The discussion — which could this year turn into a debate, and then a fight — over construction of a liquid methanol plant on the Tacoma Tideflats has the potential to be a long-running one, just because of the range of issues, from the local to the global, providing multiple entry points for interested parties to dive in and participate.
There’s a size aspect, a proposed $3.4 billion investment in a plant to receive natural gas via pipeline, convert it to liquid methanol, then ship it to China where it’s to be used as a feedstock for plastics production.
There’s an economic aspect, with the developers promising 1,000 temporary jobs at peak construction and 260 jobs when the plant is in operation and detractors questioning whether that’s sufficient to counterbalance the objections they’re raising.
There’s a trade aspect, with proponents touting the export of an American-made product, and opponents unhappy about the prospect of a Chinese-controlled facility locally and questioning the value of providing raw material to China that will be made into stuff that gets sent back here, worsening an already out-of-kilter trade balance.
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There are natural-resource arguments, over water (and how much will be needed for processing and cooling) and domestic natural gas.
There are environmental issues involving air emissions and noise vs. the worldwide benefit of having the Chinese supplant coal as a feedstock for chemical production.
And there are safety issues. Concerns about a major industrial facility and natural gas transmission, distribution and use — by homes and businesses — is already pervasive, and the fuel’s safety won’t be completely assured unless every pipeline, hot-water tank and furnace goes away.
The verbal and legal collisions those issues set up will play out in the coming months as the proposal works its way through permitting. Right now the city is in the midst of a scoping process (the comment period on the scoping part of the process ends March 4); all that does is determine what should be in the environmental impact statement. The EIS, in turn, is just a big report that regulators use in determining whether to issue permits — of which there will be a lot, including a Puget Sound Clean Air Agency construction air contaminant permit, a construction stormwater permit, a permit to construct a lateral pipeline, a city of Tacoma Shoreline Substantial Development Permit, a Department of Ecology Water Quality Certification and U.S. Army Corps of Engineers’ sections 10 and 404 permits. Oh, and a Coast Guard review.
Hanging over all of this deliberation and report-writing is a big-ticket, broad-perspective and not-so-long-term question that weighs mightily on the future of this community: If not this project, then what do you want to do with the Tideflats?
It’s a not-so-long-term question not just because of this project, or because of the objections raised by Tacomans who believe they’ll be affected. The future of urban-area industrial zones is a big one across the country.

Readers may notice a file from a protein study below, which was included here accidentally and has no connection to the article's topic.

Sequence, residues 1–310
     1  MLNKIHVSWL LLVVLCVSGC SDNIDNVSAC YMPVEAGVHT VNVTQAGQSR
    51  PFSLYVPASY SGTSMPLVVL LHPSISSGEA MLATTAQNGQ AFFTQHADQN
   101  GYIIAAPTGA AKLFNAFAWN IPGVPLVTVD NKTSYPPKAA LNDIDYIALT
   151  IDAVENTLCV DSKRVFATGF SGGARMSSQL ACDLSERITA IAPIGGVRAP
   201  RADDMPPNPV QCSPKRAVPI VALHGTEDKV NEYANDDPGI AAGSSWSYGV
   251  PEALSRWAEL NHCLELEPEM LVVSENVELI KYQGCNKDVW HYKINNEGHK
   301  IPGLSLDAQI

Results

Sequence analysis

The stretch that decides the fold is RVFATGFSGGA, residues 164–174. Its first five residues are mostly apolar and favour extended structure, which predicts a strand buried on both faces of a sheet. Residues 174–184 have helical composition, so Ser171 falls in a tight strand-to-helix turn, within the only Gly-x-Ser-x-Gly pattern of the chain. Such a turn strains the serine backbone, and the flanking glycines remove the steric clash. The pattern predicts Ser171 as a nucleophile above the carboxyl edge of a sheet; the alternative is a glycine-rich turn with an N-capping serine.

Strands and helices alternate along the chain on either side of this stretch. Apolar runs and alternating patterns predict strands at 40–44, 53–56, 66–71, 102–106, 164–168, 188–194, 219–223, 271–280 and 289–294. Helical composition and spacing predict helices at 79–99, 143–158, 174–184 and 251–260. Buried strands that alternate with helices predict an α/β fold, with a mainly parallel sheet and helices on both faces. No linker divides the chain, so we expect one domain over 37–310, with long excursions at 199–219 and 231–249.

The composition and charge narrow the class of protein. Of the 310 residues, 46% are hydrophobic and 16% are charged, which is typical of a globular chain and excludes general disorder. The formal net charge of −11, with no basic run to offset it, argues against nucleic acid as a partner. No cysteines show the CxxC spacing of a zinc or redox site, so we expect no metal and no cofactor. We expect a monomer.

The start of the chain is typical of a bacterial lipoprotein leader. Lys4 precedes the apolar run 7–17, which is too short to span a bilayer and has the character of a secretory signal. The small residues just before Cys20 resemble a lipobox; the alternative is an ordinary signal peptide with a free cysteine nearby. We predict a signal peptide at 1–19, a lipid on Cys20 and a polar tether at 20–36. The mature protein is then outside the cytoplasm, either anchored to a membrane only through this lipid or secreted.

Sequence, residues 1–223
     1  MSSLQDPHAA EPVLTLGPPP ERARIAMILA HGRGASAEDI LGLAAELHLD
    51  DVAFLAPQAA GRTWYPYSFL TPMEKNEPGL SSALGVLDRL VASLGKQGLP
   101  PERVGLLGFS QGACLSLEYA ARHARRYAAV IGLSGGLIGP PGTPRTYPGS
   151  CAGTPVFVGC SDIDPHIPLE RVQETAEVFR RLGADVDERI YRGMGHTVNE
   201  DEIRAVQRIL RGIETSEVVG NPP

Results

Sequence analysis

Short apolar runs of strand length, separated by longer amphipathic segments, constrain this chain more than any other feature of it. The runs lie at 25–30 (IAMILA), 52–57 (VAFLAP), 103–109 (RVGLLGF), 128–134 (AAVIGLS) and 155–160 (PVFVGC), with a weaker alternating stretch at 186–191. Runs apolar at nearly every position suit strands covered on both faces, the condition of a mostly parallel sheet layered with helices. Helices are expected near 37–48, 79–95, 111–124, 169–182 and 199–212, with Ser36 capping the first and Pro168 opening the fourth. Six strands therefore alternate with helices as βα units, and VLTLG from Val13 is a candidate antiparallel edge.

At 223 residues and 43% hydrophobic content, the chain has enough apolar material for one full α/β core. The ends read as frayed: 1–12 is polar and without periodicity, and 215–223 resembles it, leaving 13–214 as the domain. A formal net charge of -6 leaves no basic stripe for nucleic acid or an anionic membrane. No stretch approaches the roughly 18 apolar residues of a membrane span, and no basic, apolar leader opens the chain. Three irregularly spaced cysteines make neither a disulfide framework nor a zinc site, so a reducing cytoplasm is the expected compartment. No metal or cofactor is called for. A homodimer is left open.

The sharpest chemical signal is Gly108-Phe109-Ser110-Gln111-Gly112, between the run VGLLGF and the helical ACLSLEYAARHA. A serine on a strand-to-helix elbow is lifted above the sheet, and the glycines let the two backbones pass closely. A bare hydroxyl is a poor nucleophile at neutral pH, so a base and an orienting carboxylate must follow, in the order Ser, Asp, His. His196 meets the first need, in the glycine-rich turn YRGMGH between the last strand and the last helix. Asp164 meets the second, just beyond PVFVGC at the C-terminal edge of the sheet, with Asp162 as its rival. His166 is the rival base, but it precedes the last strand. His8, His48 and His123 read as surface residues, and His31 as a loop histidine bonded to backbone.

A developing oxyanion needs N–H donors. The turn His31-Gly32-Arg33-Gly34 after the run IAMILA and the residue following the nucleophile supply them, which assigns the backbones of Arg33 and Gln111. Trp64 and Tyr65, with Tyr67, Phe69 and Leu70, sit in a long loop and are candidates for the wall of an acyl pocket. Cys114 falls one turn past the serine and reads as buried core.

Like Tacoma, Seattle grew up as an industrial city and, its present image notwithstanding, there are still sizable pockets of industrial activity, such as Sodo, Harbor Island and along the Ship Canal.
But for how much longer? Competing uses — housing, retailing, offices, even proposed arenas — can pay more for land on the periphery of those zones at a time when industrial companies operating in global marketplaces are looking to slice every dollar they can. And once those competing uses show up on the doorstep, the workers, customers and residents often object to finding industrial activities occurring in what used to be an industrial zone. Meanwhile, industrial workers are being squeezed out by high housing prices, and operating costs increase because of congestion. Given all that, little wonder that some businesses decide it makes more sense to do business in the Kent Valley or the Tideflats.
Development patterns and contrasting economic fortunes have muted that cycle in Tacoma, but it’s not immune to the same competition for land and uses. One difference is that Tacoma, particularly in the Tideflats, still has room for development. The Port of Tacoma’s website advertises “more than 2,700 acres of prime industrially-zoned property.”
To do what? Maybe just use it for more container storage and staging space for trains, especially if the era of super-jumbo-ginormous ships comes to pass. Or warehouses. Or advanced manufacturing (as long as they do it quietly). Or industrial-scale marijuana grow facilities (an increasingly popular economic development strategy). Or perhaps let it morph into some other non-industrial use.
The Tideflats has long been Tacoma’s workshop, but it hasn’t stayed static. Companies come and go. The methanol plant is proposed for the former site of Kaiser aluminum smelter. Timber and lumber have waned. Some boat builders endure while others (Tacoma Boat, Martinac) disappear. The port transitioned to containers.
The area is going to change again, whether anyone plans for it. What it’s going to change into, and whether that’s for the better, are topics that may not be on the official discussion agenda. Given what’s at stake, they ought to be.
Bill Virgin is editor and publisher of Washington Manufacturing Alert and Pacific Northwest Rail News. He can be reached at firstname.lastname@example.org.